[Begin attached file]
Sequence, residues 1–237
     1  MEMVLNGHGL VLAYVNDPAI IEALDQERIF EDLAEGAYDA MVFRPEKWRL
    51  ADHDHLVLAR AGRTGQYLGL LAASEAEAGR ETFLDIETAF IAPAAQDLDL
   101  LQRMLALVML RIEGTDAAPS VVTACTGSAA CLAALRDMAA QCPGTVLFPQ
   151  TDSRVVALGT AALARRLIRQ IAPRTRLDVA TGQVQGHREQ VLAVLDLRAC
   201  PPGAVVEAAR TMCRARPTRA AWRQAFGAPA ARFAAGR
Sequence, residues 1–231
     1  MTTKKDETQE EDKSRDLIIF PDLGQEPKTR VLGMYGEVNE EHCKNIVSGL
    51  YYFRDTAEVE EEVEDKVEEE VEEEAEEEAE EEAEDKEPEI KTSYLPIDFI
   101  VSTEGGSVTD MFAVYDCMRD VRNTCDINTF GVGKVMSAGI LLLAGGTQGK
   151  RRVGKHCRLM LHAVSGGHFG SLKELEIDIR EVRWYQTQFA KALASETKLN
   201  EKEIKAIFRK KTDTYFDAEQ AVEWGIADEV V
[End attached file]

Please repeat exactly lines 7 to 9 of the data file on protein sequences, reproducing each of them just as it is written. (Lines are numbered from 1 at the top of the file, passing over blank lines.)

Sequence, residues 1–231
     1  MTTKKDETQE EDKSRDLIIF PDLGQEPKTR VLGMYGEVNE EHCKNIVSGL
    51  YYFRDTAEVE EEVEDKVEEE VEEEAEEEAE EEAEDKEPEI KTSYLPIDFI